(via metafilter)

Monday, March 1, 2010

Gonna Write You A Letter / Gonna Write You A Book

Berlioz to Liszt (30 April, 1855 from Paris):
I am writing to you these three lines to tell you that the Te Deum was performed today with the most magnificent precision. It was colossal, Babylonian, Ninivite. The magnificent church was full. The children sang like a single artist; and the artists… as I hoped and had the right to expect because of the strictness with which I had selected them. Not one mistake, not one moment of indecision. I had a young man who had come from Brussels [Adolphe Samuel] who conducted the organist in his gallery far away and who kept him in time in spite of the distance. […]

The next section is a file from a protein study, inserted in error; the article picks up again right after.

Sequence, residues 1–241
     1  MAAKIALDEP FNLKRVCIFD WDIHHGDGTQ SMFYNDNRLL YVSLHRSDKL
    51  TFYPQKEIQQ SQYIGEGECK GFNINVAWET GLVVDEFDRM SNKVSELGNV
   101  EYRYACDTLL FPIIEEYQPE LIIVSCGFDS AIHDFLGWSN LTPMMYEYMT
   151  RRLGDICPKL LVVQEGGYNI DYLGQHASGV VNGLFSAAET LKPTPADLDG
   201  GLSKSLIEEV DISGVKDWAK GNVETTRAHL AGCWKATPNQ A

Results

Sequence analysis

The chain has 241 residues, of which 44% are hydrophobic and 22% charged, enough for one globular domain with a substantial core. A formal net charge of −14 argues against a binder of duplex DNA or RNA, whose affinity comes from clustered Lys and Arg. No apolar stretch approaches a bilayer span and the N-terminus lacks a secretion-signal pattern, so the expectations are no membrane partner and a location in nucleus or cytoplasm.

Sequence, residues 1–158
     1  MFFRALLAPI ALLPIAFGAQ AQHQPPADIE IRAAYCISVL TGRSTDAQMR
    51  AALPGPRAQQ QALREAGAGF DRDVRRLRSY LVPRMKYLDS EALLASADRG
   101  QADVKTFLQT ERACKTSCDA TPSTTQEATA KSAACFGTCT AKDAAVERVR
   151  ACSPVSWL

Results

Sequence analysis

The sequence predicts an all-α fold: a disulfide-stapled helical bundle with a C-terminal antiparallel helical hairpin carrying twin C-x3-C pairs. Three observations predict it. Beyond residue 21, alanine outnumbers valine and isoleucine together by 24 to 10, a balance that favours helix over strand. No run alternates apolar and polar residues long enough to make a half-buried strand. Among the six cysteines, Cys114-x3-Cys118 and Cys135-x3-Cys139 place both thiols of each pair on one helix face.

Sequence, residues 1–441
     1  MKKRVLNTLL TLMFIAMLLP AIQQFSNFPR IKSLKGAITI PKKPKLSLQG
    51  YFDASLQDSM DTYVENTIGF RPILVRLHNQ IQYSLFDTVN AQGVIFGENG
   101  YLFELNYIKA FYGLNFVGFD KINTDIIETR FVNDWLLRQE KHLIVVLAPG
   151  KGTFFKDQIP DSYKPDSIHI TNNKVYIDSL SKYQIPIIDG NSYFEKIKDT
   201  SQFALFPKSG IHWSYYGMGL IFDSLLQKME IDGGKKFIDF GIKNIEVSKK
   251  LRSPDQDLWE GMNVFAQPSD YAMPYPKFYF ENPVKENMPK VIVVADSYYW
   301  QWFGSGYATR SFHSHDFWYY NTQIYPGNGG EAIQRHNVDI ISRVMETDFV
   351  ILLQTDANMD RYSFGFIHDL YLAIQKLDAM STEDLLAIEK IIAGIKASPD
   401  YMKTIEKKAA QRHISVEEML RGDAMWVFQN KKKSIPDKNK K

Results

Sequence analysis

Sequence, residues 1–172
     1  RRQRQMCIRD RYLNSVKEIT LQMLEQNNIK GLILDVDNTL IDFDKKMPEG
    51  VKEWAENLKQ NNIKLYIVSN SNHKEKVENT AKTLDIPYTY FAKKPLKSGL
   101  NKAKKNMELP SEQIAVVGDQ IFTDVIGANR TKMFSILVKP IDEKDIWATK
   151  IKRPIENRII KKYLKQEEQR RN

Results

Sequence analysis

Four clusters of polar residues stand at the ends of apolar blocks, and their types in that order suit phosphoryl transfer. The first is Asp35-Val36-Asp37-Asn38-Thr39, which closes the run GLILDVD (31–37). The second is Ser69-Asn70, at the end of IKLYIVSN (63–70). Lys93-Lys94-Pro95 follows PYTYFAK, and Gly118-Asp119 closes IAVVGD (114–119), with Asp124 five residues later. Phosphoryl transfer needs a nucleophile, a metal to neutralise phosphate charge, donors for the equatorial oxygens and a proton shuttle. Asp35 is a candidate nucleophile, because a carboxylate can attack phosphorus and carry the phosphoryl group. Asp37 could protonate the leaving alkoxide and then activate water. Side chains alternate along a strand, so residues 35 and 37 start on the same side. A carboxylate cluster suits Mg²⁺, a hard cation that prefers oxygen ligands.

My god if only you had been there…! I can assure you it is a tremendous work, and the Judex surpasses all the enormities I have previously committed. I am writing to you the first, despite my exhaustion, because I know there is no man in Europe who is as interested in this advent as yourself. Yes, the Requiem has a brother, a brother who was born with teeth, like Richard III (but without the hump); and I can vouch that today he has bitten the public. And what a huge public! There were 950 performers. And not one mistake! I cannot get over it.
Friends had come from Marseille (Lecourt, Rémusat, etc.). Lecourt was in quite a state; he was flooding, like a river! Farewell, I am going to bed. What a shame I am the author of this! I would write an interesting article. Let us see what our colleagues our going to sing. This time it is not a matter of piccoli paësi [small landscapes], it is a scene from the Apocalypse. […]

(via hectorberlioz)

It's Alright

Spring is almost here. I hope.
A little bit of pop music history, from their Concert for Bangladesh:

(via opencultureyoutube)

I'll Soon Be Gone Now / Forever Not Yours

The life of an urban musician is fraught with perils.
Vijay Iyer's watch: gone forever.

(via collaborativepiano)